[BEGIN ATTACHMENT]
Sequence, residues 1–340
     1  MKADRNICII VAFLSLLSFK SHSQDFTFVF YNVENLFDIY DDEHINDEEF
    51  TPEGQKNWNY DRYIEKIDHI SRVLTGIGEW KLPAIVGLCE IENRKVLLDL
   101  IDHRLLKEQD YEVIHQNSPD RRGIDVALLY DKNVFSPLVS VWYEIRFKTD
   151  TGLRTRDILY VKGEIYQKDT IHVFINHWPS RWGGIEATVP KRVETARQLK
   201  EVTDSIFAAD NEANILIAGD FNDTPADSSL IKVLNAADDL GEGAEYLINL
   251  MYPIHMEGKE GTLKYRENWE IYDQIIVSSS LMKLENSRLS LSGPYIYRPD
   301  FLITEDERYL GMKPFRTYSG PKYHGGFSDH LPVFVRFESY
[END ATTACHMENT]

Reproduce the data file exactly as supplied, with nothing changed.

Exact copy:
Sequence, residues 1–340
     1  MKADRNICII VAFLSLLSFK SHSQDFTFVF YNVENLFDIY DDEHINDEEF
    51  TPEGQKNWNY DRYIEKIDHI SRVLTGIGEW KLPAIVGLCE IENRKVLLDL
   101  IDHRLLKEQD YEVIHQNSPD RRGIDVALLY DKNVFSPLVS VWYEIRFKTD
   151  TGLRTRDILY VKGEIYQKDT IHVFINHWPS RWGGIEATVP KRVETARQLK
   201  EVTDSIFAAD NEANILIAGD FNDTPADSSL IKVLNAADDL GEGAEYLINL
   251  MYPIHMEGKE GTLKYRENWE IYDQIIVSSS LMKLENSRLS LSGPYIYRPD
   301  FLITEDERYL GMKPFRTYSG PKYHGGFSDH LPVFVRFESY